Once feted as human rights champion, Nobel peace prize winner Aung San Suu Kyi, Myanmar’s First Sate Counsellor is scheduled on Tuesday to lead a delegation to the International Court of Justice (ICJ) in The Hague to defend her country against accusations of genocide.
The claim that Myanmar’s military carried out mass murder, rape and destruction of Rohingya Muslim communities has been brought by Gambia, a tiny west African state that belongs to the Organisation of Islamic Cooperation.
The contrast is repeatedly drawn between Aung San Suu Kyi’s 1991 peace prize win and 15 years spent under house arrest, and her present position as chief denier that any ethnic violence has been perpetrated against the Rohingya. Last year, the US Holocaust Memorial Museum revoked her Elie Wiesel award.
Security around the court is expected to be tight. There has been speculation that undisclosed arrest warrants may have been issued in relation to other legal proceedings against Myanmar. Aung San Suu Kyi, as effective head of government, is likely to be able to claim immunity from arrest.
Aung San Suu Kyi left Yangon airport on Sunday bound for the Netherlands, where Rohingya supporters said they were planning protests outside court. The US-based Abdul Malik Mujahid, chair of the Burma Task Force, said there would be demonstrations near the Peace Palace on Tuesday and Wednesday.
“This is the last chance for her to restore her international stature,” Mujahid said. “The best thing she could say would be to admit that crimes have been committed and [that she will]cooperate. Evidence of genocide should be preserved, the Rohingya should have their citizenship restored and be allowed to return.”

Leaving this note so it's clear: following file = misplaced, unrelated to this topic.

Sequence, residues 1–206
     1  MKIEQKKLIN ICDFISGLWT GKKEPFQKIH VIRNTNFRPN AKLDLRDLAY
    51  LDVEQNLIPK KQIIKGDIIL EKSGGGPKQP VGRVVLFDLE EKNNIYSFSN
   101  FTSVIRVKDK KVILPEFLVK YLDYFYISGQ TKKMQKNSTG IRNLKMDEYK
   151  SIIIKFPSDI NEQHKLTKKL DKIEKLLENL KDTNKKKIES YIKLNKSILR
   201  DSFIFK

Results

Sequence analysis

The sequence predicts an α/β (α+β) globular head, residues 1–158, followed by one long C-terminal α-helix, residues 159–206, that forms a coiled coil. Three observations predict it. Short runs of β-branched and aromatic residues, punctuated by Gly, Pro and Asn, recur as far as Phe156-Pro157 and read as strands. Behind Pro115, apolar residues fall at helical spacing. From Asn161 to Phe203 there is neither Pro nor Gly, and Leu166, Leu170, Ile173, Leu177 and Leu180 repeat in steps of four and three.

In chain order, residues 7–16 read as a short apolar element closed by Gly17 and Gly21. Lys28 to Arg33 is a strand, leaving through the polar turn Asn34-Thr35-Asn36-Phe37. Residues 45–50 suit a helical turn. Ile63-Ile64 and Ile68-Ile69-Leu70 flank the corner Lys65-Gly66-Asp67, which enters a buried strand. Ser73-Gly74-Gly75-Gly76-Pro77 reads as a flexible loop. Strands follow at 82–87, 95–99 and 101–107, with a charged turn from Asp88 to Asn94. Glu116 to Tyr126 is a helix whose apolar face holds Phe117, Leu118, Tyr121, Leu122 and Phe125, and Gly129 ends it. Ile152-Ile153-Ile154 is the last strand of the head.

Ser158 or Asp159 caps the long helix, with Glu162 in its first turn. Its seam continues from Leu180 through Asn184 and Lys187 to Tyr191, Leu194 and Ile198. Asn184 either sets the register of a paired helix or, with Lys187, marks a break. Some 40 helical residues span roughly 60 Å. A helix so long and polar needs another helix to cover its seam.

Under the rules of the ICJ, member states can bring actions against fellow member states over disputes alleging breaches of international law – in this case, the 1948 convention on the prevention and punishment of the crime of genocide.
It is not the first time the tribunal, also known as the world court, has considered genocide cases – it dealt with several from the Balkan wars of the 1990s – but it is the first case involving countries that are not neighbours.
The three-day hearing in the neo-Renaissance-style Peace Palace is what is known as a provisional measures procedure. Gambia will urge the court to make an emergency declaration that Myanmar must halt a continuing genocide, and the court will consider whether it has jurisdiction and whether there is a plausible case to answer.
Gambia’s case will be opened on Tuesday by Abubacarr Marie Tambadou, the country’s attorney general and justice minister, who studied law at Warwick University in England and later served with distinction as a special assistant to the prosecutor at the international criminal tribunal for Rwanda.
The hearing, which will be livestreamed, may attract a large international audience. It will be tempting for the Gambia’s lawyers, distracted by Aung San Suu Kyi’s presence, to personalise the accusations, but the focus will remain on the Rohingya victims.
In the run-up to the hearing, members of Aung San Suu Kyi’s National League for Democracy party held rallies in Myanmar’s largest city, Yangon. Among the country’s Buddhist majority, she retains overwhelming support. (Source: The Guardian)